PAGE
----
Another RCT (not included in the systematic review; reported in Hisey et al. 2014 and 2016) was very similar to the Davis et al. (2013 and 2015) study, but included people treated at a single level rather than 2 levels. At 60 months (reported in Hisey et al. 2016), the composite overall success was 61.9% with Mobi‑C compared with 52.2% with ACDF; however, the difference was not statistically significant. Subsequent surgery was carried out in 8 people (4.9%) with Mobi‑C and 14 people (17.3%) with ACDF (p<0.01). Patients who had Mobi‑C had a statistically significant lower rate of adjacent segment degeneration compared with ACDF patients (p<0.03, results presented graphically). Improvements in NDI, visual analogue scale (VAS) for neck and arm pain, and SF‑12 scores were similar between groups. There was no significant difference between Mobi‑C and ACDF in adverse events or major complications. The authors concluded that the 60‑month results demonstrate that Mobi‑C is a safe and efficacious alternative to ACDF for 1‑level cervical disc replacement. It may also lower the rate of subsequent surgical procedures and adjacent segment degeneration.

The trial described in Zhang et al. (2014) compared Mobi‑C with ACDF in 111 patients with degenerative cervical spondylosis of 1 segmental level in China. In both treatment groups, there was a significant improvement in the Japanese Orthopaedic Association (JOA), VAS and NDI scores 48 months after surgery compared with scores taken before surgery (p<0.05). There were no statistically significant differences between the groups. The range of motion in the ACDF group decreased at 1 month after surgery (to around 45°; shown graphically) and increased to around 50° at 3 months, remaining at a similar level throughout the 48 month follow‑up. In the Mobi‑C group, the range of motion was significantly greater than with ACDF from 1 month to 48 months, reaching around 50° at 1 month and increasing to around 60° at 3 months. It then remained at a similar level throughout the 48 month follow‑up (p<0.0005 between groups at each time point from 1 to 48 months). In the Mobi‑C group, 33% of patients (18/55) had heterotopic ossification at 48 months; this outcome was not reported for the ACDF group. Pseudarthrosis rates in treated segments were 10.7% (6/56) at the 6‑month follow‑up and 1.8% (1/56) at 48 months for the ACDF group; this outcome was not reported for the Mobi‑C group. There were no adjacent‑segment reoperations in the Mobi‑C group but 7.1% (4/56) of patients in the ACDF group had further surgery within 4 years (1 replacement procedure with Mobi‑C, 1 ACDF and 2 posterior cervical open‑door laminoplasties). The authors concluded that both Mobi‑C and ACDF were reliable surgical options, but ACDF may increase the risk of reoperation. Patients who had disc replacement with Mobi‑C showed statistically superior radiographic outcomes.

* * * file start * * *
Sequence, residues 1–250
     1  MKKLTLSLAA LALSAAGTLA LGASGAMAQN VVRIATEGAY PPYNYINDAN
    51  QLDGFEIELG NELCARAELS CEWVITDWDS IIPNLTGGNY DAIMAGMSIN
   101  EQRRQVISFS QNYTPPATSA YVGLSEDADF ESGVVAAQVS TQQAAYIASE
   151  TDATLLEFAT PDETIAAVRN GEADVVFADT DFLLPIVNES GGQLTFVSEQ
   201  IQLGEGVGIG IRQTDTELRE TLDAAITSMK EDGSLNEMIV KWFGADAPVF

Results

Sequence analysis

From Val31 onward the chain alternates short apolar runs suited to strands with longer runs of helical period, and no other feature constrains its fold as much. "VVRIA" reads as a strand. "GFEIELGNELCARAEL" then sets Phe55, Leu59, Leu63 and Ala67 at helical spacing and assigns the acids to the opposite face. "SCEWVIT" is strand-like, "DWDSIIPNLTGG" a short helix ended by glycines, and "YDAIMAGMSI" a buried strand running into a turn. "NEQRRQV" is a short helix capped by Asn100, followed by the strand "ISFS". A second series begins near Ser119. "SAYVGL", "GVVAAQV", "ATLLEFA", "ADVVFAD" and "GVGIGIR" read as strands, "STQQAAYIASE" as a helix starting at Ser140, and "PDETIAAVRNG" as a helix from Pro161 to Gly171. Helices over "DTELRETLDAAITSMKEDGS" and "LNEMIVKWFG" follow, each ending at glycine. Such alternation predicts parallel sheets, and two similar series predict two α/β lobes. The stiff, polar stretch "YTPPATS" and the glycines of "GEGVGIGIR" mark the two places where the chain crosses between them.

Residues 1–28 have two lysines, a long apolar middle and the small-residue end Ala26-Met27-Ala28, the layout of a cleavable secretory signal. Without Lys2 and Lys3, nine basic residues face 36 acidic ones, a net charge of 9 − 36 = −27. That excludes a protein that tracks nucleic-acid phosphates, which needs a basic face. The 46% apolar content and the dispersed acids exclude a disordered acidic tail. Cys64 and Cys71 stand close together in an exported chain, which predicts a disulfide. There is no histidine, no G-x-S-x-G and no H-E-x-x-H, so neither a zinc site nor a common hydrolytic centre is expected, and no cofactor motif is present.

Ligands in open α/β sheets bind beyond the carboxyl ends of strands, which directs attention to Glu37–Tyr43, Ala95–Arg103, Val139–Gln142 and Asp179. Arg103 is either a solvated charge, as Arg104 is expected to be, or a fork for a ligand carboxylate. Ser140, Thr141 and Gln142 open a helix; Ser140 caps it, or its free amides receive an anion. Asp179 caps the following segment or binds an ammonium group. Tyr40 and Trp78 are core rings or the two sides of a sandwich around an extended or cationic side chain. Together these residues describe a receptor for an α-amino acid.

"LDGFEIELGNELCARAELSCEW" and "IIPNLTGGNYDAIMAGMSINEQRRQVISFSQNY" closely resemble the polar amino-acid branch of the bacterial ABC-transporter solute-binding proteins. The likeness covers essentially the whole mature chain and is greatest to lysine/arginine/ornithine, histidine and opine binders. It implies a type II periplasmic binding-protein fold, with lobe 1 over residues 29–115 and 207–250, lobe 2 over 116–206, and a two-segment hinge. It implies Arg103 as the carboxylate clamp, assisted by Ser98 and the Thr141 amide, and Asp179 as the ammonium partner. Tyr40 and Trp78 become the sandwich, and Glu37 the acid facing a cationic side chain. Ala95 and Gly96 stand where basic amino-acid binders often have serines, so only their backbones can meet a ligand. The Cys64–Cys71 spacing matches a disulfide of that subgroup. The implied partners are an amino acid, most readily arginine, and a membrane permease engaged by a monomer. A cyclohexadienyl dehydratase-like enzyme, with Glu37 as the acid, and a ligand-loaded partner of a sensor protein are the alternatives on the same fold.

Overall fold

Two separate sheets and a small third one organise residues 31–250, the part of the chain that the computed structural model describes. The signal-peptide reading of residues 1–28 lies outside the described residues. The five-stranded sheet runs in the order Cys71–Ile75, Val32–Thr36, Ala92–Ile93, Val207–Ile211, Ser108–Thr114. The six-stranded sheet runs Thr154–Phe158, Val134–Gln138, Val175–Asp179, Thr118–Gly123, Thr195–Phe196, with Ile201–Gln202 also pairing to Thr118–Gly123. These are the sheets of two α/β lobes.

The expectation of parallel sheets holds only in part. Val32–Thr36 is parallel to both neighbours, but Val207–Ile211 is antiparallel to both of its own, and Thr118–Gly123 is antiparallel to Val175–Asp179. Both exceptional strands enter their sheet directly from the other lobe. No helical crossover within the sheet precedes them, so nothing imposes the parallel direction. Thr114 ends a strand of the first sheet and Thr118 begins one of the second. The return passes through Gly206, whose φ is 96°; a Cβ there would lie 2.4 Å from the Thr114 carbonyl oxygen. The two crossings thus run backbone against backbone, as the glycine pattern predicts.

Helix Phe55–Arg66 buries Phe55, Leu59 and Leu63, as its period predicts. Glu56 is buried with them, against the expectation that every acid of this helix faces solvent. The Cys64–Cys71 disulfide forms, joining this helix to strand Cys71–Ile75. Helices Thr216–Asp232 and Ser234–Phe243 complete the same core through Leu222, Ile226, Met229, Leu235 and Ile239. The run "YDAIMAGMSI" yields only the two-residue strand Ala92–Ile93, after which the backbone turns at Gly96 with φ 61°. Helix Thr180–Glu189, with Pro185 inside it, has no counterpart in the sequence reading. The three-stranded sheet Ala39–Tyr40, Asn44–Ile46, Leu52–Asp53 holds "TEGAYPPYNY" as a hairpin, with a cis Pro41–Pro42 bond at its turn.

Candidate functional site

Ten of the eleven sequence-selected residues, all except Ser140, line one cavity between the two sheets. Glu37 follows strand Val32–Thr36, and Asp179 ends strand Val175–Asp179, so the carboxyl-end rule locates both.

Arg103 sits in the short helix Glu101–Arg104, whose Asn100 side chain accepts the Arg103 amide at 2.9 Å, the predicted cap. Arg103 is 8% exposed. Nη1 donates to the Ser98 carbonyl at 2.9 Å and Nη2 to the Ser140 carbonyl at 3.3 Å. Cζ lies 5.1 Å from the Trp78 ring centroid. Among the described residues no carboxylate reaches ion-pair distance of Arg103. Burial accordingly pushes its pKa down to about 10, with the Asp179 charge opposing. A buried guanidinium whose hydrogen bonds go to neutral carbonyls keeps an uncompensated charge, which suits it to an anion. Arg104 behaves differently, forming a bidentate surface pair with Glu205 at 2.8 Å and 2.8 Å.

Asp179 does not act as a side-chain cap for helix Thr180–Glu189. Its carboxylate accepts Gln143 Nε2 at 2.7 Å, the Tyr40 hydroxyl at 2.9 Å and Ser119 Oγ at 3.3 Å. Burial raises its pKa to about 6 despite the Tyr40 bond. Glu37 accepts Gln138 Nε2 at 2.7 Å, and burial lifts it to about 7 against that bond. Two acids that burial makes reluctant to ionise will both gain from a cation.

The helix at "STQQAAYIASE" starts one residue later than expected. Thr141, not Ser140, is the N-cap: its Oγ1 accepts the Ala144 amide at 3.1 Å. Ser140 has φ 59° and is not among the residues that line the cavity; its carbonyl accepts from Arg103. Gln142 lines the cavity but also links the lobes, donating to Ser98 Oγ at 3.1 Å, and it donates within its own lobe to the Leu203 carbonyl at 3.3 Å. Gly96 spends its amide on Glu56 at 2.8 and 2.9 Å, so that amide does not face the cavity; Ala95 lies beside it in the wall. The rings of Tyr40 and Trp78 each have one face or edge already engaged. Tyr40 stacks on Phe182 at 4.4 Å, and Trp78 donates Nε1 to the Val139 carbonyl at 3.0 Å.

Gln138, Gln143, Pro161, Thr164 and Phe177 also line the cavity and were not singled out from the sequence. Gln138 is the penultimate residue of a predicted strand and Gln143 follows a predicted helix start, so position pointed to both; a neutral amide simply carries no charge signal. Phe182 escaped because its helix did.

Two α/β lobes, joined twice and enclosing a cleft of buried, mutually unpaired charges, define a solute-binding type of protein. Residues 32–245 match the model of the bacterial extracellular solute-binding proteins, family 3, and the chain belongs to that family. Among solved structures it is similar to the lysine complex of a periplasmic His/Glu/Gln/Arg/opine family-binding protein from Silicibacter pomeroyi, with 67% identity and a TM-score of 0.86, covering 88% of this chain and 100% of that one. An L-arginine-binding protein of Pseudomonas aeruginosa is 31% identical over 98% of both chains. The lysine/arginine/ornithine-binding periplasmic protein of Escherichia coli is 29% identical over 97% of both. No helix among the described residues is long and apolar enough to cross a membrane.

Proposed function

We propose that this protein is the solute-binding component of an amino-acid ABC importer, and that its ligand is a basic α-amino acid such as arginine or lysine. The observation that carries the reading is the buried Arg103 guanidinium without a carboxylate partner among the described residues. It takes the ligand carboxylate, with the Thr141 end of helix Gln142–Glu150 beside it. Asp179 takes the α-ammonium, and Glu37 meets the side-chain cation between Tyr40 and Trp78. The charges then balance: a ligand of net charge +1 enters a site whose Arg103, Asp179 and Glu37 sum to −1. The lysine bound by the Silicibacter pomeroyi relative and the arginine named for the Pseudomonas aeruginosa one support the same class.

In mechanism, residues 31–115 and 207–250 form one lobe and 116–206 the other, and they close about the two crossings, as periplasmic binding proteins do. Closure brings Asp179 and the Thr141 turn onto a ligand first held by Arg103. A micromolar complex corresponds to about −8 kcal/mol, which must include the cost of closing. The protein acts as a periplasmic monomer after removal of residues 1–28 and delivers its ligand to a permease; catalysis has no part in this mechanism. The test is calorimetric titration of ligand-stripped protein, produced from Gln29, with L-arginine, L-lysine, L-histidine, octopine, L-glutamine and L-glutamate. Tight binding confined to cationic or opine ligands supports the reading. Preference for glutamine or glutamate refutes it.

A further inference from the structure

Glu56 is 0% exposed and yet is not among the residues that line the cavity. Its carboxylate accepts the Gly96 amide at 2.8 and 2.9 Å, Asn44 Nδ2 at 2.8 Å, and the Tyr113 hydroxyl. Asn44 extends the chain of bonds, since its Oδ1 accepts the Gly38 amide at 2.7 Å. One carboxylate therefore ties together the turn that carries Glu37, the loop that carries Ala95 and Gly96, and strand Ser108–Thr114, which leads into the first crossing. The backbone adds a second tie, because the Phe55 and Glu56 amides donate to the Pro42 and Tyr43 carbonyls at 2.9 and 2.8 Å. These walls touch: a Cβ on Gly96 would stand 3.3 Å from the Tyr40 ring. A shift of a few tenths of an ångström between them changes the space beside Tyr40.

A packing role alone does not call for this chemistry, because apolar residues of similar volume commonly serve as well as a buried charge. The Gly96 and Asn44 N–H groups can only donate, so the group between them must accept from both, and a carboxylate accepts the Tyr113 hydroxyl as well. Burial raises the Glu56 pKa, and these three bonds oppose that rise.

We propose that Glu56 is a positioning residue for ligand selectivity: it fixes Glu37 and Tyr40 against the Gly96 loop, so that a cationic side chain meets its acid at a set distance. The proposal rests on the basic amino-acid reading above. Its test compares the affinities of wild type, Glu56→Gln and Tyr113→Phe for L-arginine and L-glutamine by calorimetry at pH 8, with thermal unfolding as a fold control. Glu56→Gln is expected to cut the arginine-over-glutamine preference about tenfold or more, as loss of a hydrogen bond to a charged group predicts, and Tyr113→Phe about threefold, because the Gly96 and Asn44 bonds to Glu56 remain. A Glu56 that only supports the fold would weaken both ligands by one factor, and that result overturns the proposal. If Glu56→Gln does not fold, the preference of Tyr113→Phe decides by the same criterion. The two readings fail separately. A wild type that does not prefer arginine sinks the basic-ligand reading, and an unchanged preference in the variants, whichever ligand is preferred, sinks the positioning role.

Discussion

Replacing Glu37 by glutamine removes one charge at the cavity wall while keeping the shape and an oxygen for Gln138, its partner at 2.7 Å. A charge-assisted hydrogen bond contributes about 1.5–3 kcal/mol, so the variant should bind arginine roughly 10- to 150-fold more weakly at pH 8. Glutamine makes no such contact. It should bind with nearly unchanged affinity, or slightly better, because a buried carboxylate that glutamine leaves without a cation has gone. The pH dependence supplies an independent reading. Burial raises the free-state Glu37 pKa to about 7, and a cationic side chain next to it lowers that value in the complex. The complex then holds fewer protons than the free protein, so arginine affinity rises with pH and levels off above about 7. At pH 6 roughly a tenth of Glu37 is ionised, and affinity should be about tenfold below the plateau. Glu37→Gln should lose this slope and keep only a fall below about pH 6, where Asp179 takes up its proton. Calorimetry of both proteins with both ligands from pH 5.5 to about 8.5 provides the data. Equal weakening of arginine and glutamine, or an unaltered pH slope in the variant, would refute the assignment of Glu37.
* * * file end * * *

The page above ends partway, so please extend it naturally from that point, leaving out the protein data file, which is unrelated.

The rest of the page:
Recent and ongoing studies

One relevant ongoing or in‑development trial of the Mobi‑C device was identified in the preparation of this briefing:

  • NCT00554528: The Arthroplasty Versus Fusion in Anterior Cervical Surgery: Prospective Study of the Impact on the Adjacent Level (PROCERV). The aim of this phase IV trial is to evaluate Mobi‑C cervical disc replacement compared with ACDF, with a primary outcome measure of adjacent disc degeneration 3 years after surgery. In total 200 people were enrolled in the trial. The study was listed as completed in September 2015.

A second trial, NCT00640029: The Evaluation of the Prosthetic Disc Replacement (EVA) trial, was identified; however, this was terminated due to insufficient recruitment.

Costs and resource consequences